Try something like, “I understand if you are hesitant to discuss this with me, but I would like to learn more about your sexual history.” Have you ever had sex with anyone? If so, how many people are there? Have you ever had a sexually transmitted infection (STI)?”
3. Discuss how you and your partner would handle serious consequences. Before you begin a sexual relationship with someone, consider how you would handle serious consequences such as pregnancy or infection. Do you have access to health care providers or a clinic where you could be treated? Are both of you willing to accept the risk of pregnancy or infection as a part of a sexual relationship? Consider the potential consequences of sex and how you would handle them.
4. Tell us about your desires and expectations. After you’ve discussed the potential negative consequences of sex, talk about your own desires and expectations for sex. Discuss how you want the experience to be, both the first time and in the future. Inquire about your partner’s expectations as well.
Do you, for example, want to try certain positions or other things while having sex? Do you want to spend some time in bed after sex? Do you want to be monogamous with your partner?
5. Make a strategy to protect yourself. Before you have sex, you should consider how you will protect yourself from pregnancy and infection. Make an appointment with your doctor or go to a health clinic to learn more about your options. To encourage safe sex, many clinics even provide free condoms.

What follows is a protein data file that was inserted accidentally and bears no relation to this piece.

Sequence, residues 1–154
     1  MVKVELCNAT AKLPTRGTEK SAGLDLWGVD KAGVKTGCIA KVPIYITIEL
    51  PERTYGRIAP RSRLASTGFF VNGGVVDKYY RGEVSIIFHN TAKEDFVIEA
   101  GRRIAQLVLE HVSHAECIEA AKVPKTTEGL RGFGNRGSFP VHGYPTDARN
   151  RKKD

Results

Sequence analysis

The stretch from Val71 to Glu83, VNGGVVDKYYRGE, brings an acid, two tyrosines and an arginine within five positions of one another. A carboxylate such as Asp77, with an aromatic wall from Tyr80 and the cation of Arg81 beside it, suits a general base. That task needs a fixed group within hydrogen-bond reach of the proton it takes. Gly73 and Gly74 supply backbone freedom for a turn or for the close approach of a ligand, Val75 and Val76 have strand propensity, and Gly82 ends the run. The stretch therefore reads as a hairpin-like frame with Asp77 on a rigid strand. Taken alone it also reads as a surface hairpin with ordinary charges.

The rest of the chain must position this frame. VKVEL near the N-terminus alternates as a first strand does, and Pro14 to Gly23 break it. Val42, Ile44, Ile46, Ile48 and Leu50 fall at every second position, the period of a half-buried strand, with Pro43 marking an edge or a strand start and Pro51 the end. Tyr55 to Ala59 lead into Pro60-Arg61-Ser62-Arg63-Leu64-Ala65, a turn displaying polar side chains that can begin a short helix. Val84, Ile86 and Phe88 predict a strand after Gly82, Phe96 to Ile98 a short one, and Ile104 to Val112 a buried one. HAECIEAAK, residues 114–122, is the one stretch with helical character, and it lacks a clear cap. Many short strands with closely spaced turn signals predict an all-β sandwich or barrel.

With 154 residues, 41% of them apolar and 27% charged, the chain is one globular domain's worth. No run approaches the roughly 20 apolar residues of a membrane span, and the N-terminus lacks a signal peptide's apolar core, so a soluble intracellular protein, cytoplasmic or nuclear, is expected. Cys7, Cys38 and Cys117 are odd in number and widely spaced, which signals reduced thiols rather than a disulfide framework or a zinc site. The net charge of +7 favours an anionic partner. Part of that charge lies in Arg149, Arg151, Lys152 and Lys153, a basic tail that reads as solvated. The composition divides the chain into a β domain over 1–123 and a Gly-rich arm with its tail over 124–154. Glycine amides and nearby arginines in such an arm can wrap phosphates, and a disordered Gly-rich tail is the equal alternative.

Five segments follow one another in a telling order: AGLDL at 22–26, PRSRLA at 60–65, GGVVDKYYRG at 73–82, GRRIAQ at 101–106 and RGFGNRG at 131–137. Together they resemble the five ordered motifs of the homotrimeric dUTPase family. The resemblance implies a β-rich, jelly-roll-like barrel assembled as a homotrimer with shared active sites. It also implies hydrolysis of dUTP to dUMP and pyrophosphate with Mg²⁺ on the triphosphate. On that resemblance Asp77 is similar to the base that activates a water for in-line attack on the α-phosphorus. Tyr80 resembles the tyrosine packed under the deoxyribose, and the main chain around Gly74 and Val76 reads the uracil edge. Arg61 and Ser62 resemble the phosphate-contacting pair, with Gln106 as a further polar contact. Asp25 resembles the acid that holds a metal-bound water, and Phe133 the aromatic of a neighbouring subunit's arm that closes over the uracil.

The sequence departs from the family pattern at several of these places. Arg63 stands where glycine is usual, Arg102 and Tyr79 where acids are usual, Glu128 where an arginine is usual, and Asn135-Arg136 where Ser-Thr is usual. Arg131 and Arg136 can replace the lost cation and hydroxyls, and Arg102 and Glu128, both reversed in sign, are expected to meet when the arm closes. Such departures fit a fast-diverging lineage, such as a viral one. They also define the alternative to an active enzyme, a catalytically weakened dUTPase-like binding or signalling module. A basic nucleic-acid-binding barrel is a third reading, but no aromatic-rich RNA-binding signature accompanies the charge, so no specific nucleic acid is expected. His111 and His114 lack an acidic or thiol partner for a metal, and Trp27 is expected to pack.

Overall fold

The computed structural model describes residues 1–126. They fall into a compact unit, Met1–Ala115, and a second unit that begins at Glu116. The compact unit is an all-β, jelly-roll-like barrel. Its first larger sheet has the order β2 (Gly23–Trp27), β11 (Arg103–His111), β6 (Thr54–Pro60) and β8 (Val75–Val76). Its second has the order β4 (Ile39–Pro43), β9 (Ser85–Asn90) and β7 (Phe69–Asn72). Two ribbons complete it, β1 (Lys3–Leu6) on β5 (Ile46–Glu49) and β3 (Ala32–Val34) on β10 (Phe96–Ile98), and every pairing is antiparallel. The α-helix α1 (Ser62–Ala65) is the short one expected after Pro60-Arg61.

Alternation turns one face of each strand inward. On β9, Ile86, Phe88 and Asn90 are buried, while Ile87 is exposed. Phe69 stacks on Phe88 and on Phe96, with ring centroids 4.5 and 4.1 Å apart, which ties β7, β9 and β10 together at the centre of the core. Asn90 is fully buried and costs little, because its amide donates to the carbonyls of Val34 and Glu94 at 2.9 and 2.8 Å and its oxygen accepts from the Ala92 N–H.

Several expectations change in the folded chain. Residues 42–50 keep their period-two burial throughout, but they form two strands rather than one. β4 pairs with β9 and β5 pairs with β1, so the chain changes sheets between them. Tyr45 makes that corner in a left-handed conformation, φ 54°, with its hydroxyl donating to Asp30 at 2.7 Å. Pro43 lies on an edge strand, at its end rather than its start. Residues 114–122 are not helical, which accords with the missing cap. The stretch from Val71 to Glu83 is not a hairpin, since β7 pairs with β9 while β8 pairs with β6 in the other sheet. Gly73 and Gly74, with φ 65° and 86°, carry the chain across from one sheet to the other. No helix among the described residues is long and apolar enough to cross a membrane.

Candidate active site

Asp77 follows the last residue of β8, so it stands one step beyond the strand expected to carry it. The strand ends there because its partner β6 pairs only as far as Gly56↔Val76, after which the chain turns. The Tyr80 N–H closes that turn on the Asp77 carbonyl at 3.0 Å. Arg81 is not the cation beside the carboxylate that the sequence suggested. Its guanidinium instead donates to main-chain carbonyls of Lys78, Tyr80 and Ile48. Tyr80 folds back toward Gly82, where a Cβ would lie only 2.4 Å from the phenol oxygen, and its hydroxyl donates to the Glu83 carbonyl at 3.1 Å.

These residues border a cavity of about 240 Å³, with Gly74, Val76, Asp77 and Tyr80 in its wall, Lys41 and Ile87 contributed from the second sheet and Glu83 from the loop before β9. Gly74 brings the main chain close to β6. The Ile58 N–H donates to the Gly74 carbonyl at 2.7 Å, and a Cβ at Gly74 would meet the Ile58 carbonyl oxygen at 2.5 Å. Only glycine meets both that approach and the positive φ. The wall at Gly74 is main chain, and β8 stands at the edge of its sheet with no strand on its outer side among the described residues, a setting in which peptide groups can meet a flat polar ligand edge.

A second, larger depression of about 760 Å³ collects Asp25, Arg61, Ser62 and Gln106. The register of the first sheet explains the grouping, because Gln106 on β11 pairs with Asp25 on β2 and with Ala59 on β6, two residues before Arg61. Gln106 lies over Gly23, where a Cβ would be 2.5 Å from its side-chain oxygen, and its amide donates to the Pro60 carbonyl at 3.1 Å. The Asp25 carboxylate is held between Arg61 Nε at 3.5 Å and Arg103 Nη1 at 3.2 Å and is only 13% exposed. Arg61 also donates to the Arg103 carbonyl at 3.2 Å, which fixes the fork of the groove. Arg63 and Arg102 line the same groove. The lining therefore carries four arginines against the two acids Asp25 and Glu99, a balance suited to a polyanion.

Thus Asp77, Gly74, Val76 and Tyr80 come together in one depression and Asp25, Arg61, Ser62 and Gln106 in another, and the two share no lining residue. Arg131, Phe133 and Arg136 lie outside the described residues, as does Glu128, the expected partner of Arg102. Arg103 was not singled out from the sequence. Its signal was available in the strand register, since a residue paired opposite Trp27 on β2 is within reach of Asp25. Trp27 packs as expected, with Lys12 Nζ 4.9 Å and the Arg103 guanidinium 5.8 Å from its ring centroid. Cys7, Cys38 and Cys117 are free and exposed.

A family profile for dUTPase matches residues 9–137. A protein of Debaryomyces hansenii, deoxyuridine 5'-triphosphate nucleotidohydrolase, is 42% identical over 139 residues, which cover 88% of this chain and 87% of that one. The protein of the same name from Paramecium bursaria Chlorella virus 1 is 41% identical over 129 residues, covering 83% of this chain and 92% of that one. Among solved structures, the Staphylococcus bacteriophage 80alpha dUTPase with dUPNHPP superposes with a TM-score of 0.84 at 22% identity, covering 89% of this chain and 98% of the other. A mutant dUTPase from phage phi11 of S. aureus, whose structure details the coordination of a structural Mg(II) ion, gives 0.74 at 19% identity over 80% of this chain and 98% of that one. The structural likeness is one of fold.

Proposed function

For example, you must decide whether to use condoms alone or in conjunction with birth control pills.
6. Consider speaking with someone who genuinely cares about you. Even after discussing your concerns with your partner, you may feel the need to consult with someone else who cares about you to ensure that you are making the right decision. If you feel at ease talking to your parents, that could be a good place to start. If not, consult your doctor, a school counsellor, a pastor, or an older sibling or friend.
Try saying something like, “I’m thinking about becoming sexually active.” Do you have any suggestions for me?”
According to research, those who are comfortable discussing sex with their friends are more likely to be able to discuss safe sex with their partner.
Enjoying Your First Time
1. To protect yourself from sexually transmitted infections, use a condom. Delaying or avoiding sexual activity is the best way to avoid sexually transmitted infections and/or pregnancy. If you don’t want to wait, be safe and use a condom whenever you have sex. It’s a common misconception that you can’t get pregnant or get a STI the first time you have sex. Because you can become pregnant or infected with a STI at any time you have sex, it is critical that you protect yourself. Condoms are very effective in preventing STIs when used consistently and correctly.
If your partner objects to the use of condoms, resist the pressure. Make it clear that you are not looking for a sexual relationship unless it is safe.